Tea espionage? Doctored wine bottles? The use of measurements in recipes? Food history can be both a wonderful and terrible place. Our favorite foods have fascinating backstories. For instance, I recently read that German immigrants and their beer houses in Texas helped popularize chili powder. Who knew! But other food histories uncover dark dealings, such as the role that cheese played in the slave trade or the level of collaboration between cheese producers and Nazis. What draws me to these histories is the fact that a single food item (or items) helps to uncover all the histories of an era such as the political, economic, social, and cultural instead of segmenting one out. Below are five food histories/narratives that explore different kinds of food from all over the world.
Eight Flavors: The Untold Story of American Cuisine—Sarah Lohman
Lohman looks at eight popular flavors—black pepper, vanilla, curry powder, chili powder, soy sauce, garlic, MSG, and Sriracha—in U.S. cuisine. It’s a fascinating lens to look at U.S. history and, in particular, how we and our food relate to immigrants. It was delightful to learn that the history of curry powder goes back much further than you would expect in U.S. cuisine. It was really fascinating to see how certain tastes became adopted based on our feelings towards immigrants. For instance, many people reviled garlic since it was associated with Italians, but it gained acceptance through French food. I also loved that she talked about the recent history of Sriracha and how it has become such a widespread spice in our day and age.
Consider the Fork: A History of Invention in the Kitchen—Bee Wilson
Ever wondered about the history of forks, spoons, knives, mixing bowls, and even recipe books? Then Consider the Fork is for you. Each chapter is dedicated to a different food utensil and its delightful world history. I was surprised to find out how late the Western world started using the fork compared to its brothers, the spoon and knife. Like the adoption of many new technologies, it was regarded poorly and denigrated as feminine. Bee Wilson also explores the evolution of recipe books; what a revelation it was when measurements were included in recipes!
On the Noodle Road: From Beijing to Rome, with Love and Pasta—Jen Lin-Liu
Jen Lin-Liu’s work is a combination of a food history and travel narrative. Jen Lin-Liu runs a cooking school in Beijing. After her honeymoon, she decides to explore the claim that Marco Polo brought noodles to Italy from China. She starts in Beijing and makes her way to Rome through all of China, Central Asia, Iran, Turkey, and then Italy.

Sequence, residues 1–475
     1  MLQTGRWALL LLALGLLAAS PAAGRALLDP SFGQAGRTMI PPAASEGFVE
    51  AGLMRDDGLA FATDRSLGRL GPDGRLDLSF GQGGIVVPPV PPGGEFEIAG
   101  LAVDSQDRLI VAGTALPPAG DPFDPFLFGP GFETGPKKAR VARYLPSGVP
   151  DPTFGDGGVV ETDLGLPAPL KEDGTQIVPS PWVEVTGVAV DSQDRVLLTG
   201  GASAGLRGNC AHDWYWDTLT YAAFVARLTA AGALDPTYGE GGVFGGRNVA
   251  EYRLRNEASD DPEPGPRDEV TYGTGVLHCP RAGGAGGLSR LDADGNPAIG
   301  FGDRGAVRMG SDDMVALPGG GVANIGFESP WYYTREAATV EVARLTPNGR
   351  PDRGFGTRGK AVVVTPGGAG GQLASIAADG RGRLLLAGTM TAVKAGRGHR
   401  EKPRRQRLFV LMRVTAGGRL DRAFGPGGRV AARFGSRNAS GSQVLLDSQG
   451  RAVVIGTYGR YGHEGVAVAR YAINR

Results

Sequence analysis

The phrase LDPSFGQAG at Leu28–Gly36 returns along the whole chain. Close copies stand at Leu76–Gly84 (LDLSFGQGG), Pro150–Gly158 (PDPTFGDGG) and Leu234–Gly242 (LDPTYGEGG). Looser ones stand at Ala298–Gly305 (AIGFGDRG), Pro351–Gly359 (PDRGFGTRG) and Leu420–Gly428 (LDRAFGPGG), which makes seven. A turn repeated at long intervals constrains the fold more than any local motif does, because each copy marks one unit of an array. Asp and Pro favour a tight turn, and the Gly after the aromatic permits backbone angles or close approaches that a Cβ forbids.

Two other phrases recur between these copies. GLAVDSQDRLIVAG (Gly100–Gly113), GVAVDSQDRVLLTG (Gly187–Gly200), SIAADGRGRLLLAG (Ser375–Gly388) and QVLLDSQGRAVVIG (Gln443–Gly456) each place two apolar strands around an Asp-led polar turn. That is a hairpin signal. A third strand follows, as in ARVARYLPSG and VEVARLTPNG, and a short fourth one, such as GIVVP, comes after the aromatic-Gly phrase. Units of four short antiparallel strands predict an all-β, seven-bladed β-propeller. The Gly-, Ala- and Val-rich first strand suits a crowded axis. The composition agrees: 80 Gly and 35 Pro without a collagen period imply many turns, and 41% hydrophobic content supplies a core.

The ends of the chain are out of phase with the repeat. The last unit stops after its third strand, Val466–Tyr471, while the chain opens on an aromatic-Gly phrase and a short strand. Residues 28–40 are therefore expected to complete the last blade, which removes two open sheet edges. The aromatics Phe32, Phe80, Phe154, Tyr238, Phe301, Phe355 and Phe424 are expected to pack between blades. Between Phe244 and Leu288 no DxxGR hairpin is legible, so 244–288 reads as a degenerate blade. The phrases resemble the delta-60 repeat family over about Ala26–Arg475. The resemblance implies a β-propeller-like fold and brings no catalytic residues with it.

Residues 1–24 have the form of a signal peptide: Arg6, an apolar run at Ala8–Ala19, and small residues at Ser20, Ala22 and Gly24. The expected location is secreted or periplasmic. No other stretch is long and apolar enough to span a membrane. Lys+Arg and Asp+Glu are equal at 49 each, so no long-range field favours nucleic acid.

Her descriptions of the food are positively mouthwatering. I want to go find the delicious noodles she has in China or the rice plov dishes that she has through Central Asia. Throughout the book, she goes into the homes of people on her journey and gives us little snapshots of what it is like to be in Uighur territory in Western China, Iran, Uzbekistan, Kyrgyzstan, and Turkey. She also explores the gendered aspects of food preparation and consumption throughout her trip while also trying to figure out her role in the world as a new wife and professional.
Wine and War: The French, the Nazis, and the Battle for France’s Greatest Treasure—Donald Kladstrup and Petie Kladstrup
This book is a fascinating exploration of the wine industry during Nazi occupation in France. What I love about it is that it shows the degrees of collaboration and rebellion that any culture faces in time of authoritarian occupation. Some people completely rebel against Vichy France and the Nazis, whereas others are completely complicit. More interestingly there are people in between that rebel in their own special ways. For instance, Parisian restaurants bricked away their best wines and placed spiders over those new walls to keep the best wines from the Germans. Also, there’s an entire chapter about a POW camp holding a wine party to keep up morale.
For All the Tea in China: How England Stole the World’s Favorite Drink—Sarah Rose
Rose talks about how the British wanted to break China’s monopoly on the tea trade. People outside of China knew very little about tea; no one even knew if green and black tea came from different plants. Rose explores the crazy story about botanist Robert Fortune going to China to uncover the secret of tea and to steal specimens. The object? So that the British could grow their own tea in India. Fortune was also charged with convincing tea laborers to leave China to share their secrets about cultivating tea. Sarah Rose labels it “the world’s biggest corporate espionage” and she’s absolutely correct. Not only is it a dark story about tea, it also explores the progress in plant cultivation.
That’s just a small snack of food histories out there!By signing up you agree to our Terms of Service